... now with 35% more arrogance!

Tuesday, November 19, 2013

Re-Doing Spell Durations: Magic-User

I've been looking at simplifying and unifying spell statistics for Liber Zero, again, mainly because I saw a forum thread wishing for more "build your own" rules for monsters, classes, and spells, instead of lists of those things. The last official post I did on this was the revised spell statistics post, although I did massage these a bit when I did my spell study series and stripped them way down when I proposed a cheap, tiny version of D&D.

I was looking specifically at the spell durations, first. For magic-users, I had come up with:

  • Instant: open-ended change of state
  • Brief: turns = spell level, minimum 2 turns
  • Standard: 6 turns/2 spell levels
    • plus caster level, if physical
    • or 2d6 turns, if combat-related
  • Every spell type would be considered Instant, Brief, or Standard. But I'm wondering what the harm would be to merge and compress Brief and Standard to just "2d6 turns/2 spell levels, half that for spells that delay or interrupt, with a bonus = caster level for physical effects like flight or levitation".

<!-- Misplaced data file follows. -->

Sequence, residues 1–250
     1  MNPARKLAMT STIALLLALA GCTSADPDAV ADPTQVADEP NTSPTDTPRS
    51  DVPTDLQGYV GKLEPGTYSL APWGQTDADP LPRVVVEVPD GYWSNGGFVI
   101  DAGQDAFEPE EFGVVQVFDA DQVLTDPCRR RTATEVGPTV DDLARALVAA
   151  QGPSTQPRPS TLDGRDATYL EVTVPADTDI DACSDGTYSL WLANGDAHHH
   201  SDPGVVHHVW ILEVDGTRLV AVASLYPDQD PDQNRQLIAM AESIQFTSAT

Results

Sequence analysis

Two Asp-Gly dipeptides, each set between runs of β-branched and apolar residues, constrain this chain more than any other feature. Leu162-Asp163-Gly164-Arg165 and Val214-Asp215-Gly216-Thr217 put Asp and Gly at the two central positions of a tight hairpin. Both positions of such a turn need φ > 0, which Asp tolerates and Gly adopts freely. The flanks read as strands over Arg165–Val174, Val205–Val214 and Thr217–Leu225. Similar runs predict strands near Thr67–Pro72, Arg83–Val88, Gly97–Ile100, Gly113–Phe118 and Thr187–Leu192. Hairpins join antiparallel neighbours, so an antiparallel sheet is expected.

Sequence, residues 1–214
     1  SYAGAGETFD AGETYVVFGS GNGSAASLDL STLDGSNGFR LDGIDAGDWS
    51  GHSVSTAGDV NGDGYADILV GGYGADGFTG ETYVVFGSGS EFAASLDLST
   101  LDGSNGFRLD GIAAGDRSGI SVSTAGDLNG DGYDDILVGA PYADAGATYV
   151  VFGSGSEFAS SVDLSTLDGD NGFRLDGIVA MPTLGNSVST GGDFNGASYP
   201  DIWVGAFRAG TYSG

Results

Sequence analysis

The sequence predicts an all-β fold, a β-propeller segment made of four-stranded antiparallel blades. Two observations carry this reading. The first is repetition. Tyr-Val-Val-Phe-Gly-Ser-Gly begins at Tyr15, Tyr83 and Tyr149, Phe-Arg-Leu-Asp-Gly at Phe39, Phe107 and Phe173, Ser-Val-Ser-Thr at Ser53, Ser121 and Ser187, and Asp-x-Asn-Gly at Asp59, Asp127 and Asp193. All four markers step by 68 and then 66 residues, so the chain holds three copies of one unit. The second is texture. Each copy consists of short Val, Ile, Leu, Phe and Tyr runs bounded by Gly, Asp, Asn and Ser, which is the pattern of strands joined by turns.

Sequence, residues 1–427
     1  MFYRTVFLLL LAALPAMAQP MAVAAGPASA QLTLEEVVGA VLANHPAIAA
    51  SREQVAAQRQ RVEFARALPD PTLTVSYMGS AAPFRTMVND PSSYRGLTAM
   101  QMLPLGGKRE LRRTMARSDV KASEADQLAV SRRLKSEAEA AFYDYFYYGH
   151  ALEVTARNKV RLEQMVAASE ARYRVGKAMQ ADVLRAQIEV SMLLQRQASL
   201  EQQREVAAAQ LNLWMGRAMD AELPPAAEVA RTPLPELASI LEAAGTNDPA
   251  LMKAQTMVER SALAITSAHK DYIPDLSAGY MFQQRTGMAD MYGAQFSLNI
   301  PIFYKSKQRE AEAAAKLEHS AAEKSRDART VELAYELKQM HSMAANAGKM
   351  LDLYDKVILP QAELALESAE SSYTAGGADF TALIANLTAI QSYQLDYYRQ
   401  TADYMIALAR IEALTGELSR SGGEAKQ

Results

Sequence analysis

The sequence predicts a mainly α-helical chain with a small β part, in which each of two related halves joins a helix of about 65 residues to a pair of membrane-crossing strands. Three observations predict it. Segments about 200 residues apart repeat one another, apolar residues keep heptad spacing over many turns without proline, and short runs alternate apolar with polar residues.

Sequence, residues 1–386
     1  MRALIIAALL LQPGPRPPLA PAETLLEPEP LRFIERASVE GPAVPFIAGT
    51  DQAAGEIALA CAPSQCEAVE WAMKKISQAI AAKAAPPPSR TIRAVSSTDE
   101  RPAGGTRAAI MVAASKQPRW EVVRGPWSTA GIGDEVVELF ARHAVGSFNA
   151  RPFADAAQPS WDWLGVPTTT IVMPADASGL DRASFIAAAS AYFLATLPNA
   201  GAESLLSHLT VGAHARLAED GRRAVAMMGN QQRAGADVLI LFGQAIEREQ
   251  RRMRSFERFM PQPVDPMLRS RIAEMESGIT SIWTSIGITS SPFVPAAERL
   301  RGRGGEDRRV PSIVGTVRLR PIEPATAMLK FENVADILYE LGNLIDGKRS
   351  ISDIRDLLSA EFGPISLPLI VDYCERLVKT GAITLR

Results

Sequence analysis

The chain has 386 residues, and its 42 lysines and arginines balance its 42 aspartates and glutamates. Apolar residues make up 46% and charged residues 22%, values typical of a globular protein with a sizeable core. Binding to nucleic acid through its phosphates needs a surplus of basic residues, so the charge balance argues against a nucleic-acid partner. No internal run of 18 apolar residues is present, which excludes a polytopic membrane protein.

Reasons in favor:

    1. Many combat spells are already 2d6 turns.
    2. Since many low-level non-combat spells are 6 turns, replacing the duration with an average roll of 7 won't be too bad.
    3. We give physical effects a level-based bonus, just so players can predict how long Fly might last.

    Is it really so wrong?


    1. I've simplified even further: for non-instantaneous spells, duration = level in exploration turns.

      Or, duration is indefinite, but only one effect may be maintained, and concentration checks are required in certain circumstances (this is the Gravity Sinister "sustain" approach). Thus, one can fly or be shielded, but not both, and switching the effect requires casting another spell (and thus using up some of whatever resource allows casting spells).

      I think I prefer the second method conceptually, given that it doesn't require tracking any countdowns, though duration = level is easier to explain to experienced players.

      1. We have different design goals, though. You're trying to reduce workload and make it easy for players to grasp, while still fitting into your personal conception of magic. I'm simplifying as much as possible while still keeping the final version of the spell as close to those in the original as possible.